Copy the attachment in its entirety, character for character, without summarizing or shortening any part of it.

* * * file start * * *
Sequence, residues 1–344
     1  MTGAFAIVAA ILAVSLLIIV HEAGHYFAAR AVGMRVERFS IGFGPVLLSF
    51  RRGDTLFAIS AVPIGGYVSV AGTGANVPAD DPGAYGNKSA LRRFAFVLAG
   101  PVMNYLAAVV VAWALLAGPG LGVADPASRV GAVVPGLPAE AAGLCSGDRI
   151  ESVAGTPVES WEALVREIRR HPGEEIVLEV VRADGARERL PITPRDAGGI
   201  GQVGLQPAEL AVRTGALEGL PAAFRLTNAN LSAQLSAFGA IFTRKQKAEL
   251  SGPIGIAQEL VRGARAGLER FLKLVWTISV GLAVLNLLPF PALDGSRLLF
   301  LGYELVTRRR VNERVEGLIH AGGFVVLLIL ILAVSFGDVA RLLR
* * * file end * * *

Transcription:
Sequence, residues 1–344
     1  MTGAFAIVAA ILAVSLLIIV HEAGHYFAAR AVGMRVERFS IGFGPVLLSF
    51  RRGDTLFAIS AVPIGGYVSV AGTGANVPAD DPGAYGNKSA LRRFAFVLAG
   101  PVMNYLAAVV VAWALLAGPG LGVADPASRV GAVVPGLPAE AAGLCSGDRI
   151  ESVAGTPVES WEALVREIRR HPGEEIVLEV VRADGARERL PITPRDAGGI
   201  GQVGLQPAEL AVRTGALEGL PAAFRLTNAN LSAQLSAFGA IFTRKQKAEL
   251  SGPIGIAQEL VRGARAGLER FLKLVWTISV GLAVLNLLPF PALDGSRLLF
   301  LGYELVTRRR VNERVEGLIH AGGFVVLLIL ILAVSFGDVA RLLR